March 2011

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Common Redpolls like this boldly-coloured male remained the dominant
species at MBO throughout March.
Photo by Simon Duval)

MBO gratefully acknowledges the in-kind support provided for winter 2010-2011 by CCFA (Centre de Conservation de la Faune Ailée) in Montreal, in the form of bird seed to keep the MBO feeders stocked throughout the season.






2011 TOTAL


# birds (and species) banded

67 (8)

449 (19)

71 (8)

31640 (107)

# birds (and species) repeat

8 (1)

76 (8)

8 (1)

5515 (68)

# birds (and species) return

21 (2)

35 (5)

24 (2)

831 (37)

# species observed





# net hours





# birds banded / 100 net hours





Note: table does not include nocturnal banding (owls)

Banders-in-charge:  Simon Duval, Gay Gruner
  Andrée-Anne Deschamps, Barbara MacDuff, Chris Murphy, Greg Rand

Notes:  As is normal for March, temperatures gradually became milder, but on the whole it was still a rather cold and snowy month, and certainly a sharp contrast to last year's unusually early and sustained mild spring weather.  However, we were able to fit in two banding sessions on milder days, among our eight visits this month, during which we were amply rewarded with a steady flow of redpolls.  Most notably, they included a lone Hoary Redpoll, which became the 107th species banded at MBO.

This month’s top 5   [last month's rank in brackets]

# individuals banded

mean # individuals observed daily

1.  Common Redpoll (51) [1]

1.  Common Redpoll (60) [1]

2.  American Tree Sparrow (4) [-]

2.  Canada Goose (18) [-]

3.  Slate-colored Junco (3) [-]

3.  Black-capped Chickadee (12) [4]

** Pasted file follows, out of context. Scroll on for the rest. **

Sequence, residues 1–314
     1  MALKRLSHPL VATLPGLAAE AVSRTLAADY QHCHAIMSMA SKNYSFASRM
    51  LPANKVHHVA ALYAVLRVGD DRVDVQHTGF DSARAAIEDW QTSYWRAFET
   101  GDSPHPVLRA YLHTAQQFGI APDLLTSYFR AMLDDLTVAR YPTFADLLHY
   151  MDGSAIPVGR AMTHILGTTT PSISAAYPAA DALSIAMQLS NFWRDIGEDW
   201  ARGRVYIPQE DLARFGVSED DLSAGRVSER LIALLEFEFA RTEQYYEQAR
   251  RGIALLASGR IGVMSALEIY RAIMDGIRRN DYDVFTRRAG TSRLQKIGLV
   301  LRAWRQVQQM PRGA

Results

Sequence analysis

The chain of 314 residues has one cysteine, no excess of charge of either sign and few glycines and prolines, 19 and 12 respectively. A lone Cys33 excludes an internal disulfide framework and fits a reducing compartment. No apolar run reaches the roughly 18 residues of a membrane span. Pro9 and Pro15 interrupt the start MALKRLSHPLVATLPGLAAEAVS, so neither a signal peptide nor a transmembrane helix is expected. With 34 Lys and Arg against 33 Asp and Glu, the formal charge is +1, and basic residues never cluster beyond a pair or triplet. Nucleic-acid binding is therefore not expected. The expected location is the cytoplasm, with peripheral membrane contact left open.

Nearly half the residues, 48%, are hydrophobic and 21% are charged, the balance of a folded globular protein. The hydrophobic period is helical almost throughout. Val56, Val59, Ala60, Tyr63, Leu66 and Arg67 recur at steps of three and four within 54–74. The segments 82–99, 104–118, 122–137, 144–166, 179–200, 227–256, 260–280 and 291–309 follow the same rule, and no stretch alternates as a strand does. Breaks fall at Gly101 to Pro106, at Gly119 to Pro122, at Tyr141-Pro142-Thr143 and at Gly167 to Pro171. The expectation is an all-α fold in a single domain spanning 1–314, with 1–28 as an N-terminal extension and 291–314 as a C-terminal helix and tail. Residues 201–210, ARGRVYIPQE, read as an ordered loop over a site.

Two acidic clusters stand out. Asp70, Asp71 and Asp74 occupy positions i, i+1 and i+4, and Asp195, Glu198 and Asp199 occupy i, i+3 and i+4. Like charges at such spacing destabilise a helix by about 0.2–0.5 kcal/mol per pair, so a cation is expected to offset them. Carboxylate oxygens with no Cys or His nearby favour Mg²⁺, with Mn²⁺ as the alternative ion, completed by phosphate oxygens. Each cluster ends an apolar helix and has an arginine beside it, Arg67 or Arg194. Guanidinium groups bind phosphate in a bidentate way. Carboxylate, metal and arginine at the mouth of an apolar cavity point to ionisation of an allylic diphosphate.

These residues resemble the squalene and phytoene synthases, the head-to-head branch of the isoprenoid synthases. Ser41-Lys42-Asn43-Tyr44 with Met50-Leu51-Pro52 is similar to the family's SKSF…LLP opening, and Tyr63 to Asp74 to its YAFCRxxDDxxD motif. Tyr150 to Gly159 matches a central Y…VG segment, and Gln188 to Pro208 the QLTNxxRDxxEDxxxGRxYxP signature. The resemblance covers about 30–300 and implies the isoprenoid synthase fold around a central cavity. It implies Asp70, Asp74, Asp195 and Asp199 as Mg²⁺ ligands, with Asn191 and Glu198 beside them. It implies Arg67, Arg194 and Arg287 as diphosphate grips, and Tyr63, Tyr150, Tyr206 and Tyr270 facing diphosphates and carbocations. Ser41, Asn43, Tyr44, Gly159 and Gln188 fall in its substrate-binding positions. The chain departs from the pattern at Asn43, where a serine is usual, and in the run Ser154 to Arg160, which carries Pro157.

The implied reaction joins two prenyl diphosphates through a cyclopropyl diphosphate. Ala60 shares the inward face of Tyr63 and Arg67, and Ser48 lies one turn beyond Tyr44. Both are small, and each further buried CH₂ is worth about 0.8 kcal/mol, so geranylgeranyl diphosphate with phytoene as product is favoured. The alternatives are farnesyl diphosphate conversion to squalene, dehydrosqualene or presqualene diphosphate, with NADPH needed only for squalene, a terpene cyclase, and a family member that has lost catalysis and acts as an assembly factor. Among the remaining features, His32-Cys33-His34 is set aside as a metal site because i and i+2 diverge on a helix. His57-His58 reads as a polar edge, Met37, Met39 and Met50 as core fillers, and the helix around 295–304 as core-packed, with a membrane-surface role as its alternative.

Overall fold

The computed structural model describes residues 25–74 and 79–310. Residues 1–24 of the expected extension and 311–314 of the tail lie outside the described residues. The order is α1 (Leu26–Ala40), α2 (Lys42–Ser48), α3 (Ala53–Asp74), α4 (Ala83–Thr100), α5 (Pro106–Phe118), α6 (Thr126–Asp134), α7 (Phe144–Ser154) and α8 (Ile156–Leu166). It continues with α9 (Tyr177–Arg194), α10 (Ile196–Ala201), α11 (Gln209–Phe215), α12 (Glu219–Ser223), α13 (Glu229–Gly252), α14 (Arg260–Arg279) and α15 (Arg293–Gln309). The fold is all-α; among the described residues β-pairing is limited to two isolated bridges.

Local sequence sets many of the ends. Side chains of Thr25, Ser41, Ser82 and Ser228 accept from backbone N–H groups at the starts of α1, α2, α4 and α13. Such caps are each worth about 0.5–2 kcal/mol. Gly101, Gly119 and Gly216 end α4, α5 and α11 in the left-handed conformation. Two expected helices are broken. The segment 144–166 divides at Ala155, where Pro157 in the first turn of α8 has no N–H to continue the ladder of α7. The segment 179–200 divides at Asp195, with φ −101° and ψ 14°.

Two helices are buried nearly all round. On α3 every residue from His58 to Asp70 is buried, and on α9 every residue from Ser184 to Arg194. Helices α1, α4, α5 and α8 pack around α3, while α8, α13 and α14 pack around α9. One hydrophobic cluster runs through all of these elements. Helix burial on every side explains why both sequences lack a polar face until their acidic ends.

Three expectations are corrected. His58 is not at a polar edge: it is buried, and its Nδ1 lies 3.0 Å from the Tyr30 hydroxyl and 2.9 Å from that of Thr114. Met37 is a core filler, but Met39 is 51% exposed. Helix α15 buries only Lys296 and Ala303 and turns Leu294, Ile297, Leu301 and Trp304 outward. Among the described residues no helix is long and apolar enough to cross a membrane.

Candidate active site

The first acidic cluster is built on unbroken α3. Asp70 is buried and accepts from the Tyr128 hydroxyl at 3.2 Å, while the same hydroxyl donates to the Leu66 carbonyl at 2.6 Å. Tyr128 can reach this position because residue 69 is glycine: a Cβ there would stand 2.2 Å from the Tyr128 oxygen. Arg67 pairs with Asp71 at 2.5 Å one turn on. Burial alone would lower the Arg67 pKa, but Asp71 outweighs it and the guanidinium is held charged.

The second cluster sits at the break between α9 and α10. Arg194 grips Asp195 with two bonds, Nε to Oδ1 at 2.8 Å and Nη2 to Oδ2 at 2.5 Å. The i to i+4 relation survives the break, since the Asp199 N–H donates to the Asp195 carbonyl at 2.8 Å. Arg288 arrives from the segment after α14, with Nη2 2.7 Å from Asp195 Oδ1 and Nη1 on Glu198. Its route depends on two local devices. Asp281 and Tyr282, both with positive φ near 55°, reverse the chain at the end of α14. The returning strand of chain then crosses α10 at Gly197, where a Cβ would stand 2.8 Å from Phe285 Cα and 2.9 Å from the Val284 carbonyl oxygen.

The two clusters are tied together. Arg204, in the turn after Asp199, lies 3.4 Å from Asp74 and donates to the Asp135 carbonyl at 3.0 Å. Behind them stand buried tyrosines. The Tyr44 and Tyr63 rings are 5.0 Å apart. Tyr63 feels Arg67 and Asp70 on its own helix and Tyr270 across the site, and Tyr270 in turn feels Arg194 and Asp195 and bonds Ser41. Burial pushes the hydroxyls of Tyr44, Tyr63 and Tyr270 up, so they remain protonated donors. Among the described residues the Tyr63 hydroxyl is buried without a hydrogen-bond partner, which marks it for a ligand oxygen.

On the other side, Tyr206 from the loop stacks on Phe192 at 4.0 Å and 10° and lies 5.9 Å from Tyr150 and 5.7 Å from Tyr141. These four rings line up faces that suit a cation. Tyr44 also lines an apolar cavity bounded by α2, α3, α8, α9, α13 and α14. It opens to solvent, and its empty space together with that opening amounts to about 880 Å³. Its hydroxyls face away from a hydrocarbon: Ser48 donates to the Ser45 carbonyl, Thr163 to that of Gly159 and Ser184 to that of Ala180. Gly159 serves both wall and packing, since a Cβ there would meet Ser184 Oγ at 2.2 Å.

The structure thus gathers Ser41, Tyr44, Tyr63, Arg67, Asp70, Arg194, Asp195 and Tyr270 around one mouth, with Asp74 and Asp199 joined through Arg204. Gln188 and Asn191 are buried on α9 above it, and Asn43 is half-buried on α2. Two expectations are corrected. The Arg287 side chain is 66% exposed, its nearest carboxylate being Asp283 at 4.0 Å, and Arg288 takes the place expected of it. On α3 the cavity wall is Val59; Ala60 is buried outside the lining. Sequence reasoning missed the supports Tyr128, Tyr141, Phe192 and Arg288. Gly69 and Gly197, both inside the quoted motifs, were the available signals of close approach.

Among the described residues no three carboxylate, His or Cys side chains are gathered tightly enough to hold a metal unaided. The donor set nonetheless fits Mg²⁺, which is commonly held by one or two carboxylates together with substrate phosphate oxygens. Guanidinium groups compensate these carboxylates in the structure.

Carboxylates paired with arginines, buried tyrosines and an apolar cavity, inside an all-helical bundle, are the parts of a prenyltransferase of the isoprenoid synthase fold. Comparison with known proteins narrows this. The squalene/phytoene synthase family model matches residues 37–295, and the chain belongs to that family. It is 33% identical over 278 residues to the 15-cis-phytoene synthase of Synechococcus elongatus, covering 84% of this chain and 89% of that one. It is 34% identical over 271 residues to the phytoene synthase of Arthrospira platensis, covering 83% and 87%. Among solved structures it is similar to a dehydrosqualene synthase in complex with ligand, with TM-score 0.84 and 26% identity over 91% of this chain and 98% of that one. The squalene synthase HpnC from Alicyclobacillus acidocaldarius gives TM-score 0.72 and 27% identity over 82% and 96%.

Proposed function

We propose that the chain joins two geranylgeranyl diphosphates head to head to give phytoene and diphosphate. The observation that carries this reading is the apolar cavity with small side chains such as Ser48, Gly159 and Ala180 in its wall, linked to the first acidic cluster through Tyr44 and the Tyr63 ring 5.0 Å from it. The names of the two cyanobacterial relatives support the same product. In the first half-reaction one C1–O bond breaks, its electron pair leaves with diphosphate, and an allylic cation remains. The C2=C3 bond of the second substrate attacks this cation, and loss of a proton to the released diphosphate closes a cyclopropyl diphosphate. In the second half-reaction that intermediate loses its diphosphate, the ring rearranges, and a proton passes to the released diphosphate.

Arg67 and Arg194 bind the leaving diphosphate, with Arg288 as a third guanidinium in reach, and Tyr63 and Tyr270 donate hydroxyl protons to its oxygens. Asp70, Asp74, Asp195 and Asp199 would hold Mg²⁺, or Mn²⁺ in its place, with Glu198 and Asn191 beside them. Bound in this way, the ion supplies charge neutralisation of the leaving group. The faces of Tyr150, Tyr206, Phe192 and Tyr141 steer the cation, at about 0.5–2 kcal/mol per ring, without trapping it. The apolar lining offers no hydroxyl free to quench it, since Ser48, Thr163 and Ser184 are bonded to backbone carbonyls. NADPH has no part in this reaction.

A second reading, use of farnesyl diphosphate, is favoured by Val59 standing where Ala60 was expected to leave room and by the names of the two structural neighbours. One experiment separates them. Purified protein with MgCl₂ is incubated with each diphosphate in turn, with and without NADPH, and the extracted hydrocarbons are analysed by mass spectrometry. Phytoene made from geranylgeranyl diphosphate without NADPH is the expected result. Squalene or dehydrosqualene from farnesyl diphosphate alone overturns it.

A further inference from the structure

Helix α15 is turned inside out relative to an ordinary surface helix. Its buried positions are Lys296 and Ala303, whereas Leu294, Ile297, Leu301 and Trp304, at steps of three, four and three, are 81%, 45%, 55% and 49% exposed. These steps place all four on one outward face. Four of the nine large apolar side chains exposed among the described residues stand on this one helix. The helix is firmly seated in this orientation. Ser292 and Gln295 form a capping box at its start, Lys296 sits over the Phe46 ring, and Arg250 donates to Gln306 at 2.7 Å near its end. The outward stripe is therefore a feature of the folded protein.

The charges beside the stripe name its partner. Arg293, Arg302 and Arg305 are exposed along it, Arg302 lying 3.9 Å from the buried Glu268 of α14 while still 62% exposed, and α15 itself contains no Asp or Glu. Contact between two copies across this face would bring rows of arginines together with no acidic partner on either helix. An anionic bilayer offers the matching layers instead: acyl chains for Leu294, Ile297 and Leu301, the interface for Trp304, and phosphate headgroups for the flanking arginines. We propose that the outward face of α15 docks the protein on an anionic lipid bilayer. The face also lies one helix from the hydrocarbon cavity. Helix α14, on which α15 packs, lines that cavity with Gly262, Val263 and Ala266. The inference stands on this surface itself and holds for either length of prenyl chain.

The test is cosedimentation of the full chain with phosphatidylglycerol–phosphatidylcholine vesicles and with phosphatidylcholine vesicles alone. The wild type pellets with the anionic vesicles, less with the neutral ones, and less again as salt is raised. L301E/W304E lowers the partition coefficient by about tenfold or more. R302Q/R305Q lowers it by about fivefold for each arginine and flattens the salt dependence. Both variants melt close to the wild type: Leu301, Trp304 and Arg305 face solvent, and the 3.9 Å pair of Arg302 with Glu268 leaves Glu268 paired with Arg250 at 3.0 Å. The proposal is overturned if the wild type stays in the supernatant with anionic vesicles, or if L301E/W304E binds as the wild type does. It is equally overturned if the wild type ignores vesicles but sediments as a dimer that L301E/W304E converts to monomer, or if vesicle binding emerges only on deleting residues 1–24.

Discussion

4.  Black-capped Chickadee (2) [1]

4.  American Crow (9) [3]

5.  Northern Cardinal (2) [-]

5.  Slate-colored Junco (6) [-]
5.  Red-winged Blackbird (6) [-]

The table above shows how thoroughly Common Redpolls dominated this month's banding efforts.  In fact, the 51 individuals banded approached the cumulative total of 63 over five previous winter seasons.  Remarkably, we continue to catch unbanded Black-capped Chickadees.  A handful of other birds were banded, including our first Mourning Dove, Northern Cardinals, White-throated Sparrow, and Slate-colored Juncos of the year, as well as the aforementioned Hoary Redpoll.  We also recorded our first Slate-colored Junco return of the winter.

The approaching spring season was reflected in the seven species observed for the first time this year:  Canada Goose, Turkey Vulture, Ring-billed Gull, Red-bellied Woodpecker, Red-winged Blackbird, Common Grackle, and Song Sparrow.  Three of these (the vulture, woodpecker, and grackle) were also new for this winter, bringing our season-total to an above-average 52.  Of the newcomers, two already made it into this month's top five species observed.  However, Common Redpoll remained the most abundant species by a wide margin, with an average of 60 individuals counted on each visit (interestingly the same number as in February, although counts on individual days varied a fair bit). Aside from the redpolls, only chickadees and cardinals were recorded during each visit. 

A second-year Hoary Redpoll - the 107th species banded at McGill Bird Observatory.

(Photo by Simon Duval)

And so another winter has come to an end.  On March 28 we will begin our seventh full season of spring migration monitoring, and we will resume posting weekly updates through the ten-week season.  We look forward to welcoming back many returning volunteers, as well as new additions to the MBO team, and hope to have some exciting results to share as the spring progresses.

The redpolls aren't the only ones that have been enjoying our feeders this month, as shown by this "cheeky" chipmunk.

(Photo by Simon Duval)



2002- The Migration Research Foundation Inc.